Full post here. (link may not last)
Perhaps Hawking is guilty of a little hubris in weighing in with such certitude on the God question?
Here’s a quote of his Hawking’s posted previously:
“His [Kant’s}argument for the thesis was that if the universe did not have a beginning, there would be an infinite period of time before any event, which he considered absurd. The argument for the antithesis was that if the universe had a beginning, there would be an infinite period of time before it, so why should the universe begin at any one particular time? In fact, his cases for both the thesis and the antithesis are really the same argument. They are both based on his unspoken assumption that time continues back forever, whether or not the universe had existed forever.”
-Stephen Hawking-A Brief History of Time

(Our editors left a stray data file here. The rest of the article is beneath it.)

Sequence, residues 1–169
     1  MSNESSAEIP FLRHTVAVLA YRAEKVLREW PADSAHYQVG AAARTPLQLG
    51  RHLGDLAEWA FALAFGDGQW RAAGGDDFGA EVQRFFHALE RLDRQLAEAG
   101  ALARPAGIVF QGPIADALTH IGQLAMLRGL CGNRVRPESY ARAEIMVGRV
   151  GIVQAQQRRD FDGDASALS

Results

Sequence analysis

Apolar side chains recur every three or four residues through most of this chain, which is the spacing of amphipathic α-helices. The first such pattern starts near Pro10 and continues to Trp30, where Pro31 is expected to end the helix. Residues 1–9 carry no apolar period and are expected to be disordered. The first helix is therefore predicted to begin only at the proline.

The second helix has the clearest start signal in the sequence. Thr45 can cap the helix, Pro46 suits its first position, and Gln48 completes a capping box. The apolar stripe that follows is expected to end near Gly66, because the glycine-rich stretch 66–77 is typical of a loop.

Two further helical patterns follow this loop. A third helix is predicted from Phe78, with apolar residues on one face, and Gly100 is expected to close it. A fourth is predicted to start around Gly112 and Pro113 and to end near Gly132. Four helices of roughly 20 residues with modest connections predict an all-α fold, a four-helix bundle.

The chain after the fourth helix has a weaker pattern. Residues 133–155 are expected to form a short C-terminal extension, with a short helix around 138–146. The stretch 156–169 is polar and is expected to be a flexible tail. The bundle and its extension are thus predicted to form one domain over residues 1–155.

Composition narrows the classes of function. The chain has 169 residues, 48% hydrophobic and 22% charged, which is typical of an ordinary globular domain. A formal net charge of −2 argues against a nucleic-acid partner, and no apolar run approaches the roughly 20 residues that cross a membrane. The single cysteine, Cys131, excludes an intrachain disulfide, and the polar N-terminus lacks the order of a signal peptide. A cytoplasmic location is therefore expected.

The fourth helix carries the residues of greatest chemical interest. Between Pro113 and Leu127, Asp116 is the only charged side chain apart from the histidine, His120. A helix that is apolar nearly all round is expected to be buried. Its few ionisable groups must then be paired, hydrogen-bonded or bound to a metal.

Not so much that time continues back forever, but that it’s impossible to conceive of a point outside of time. Kant wished to argue that both time and space are not necessarily inherent characteristics of the universe (or any object at all…especially those objects with which we have no direct experience, like a black hole, though according to Kant we can have knowledge of objects) but rather time and space are part of our onboard apparatus, and preconditions for us have intelligible experience in the first place (unlike as is assumed in calculus, for example). He constructed a vast metaphysics to make his point in the hopes of putting metaphysics on the same ground as the sciences (the Enlightenment was going strong around him, and he latched onto Newton’s laws especially). It’s questionable as to whether or not he succeeded, but fascinating to think about nonetheless.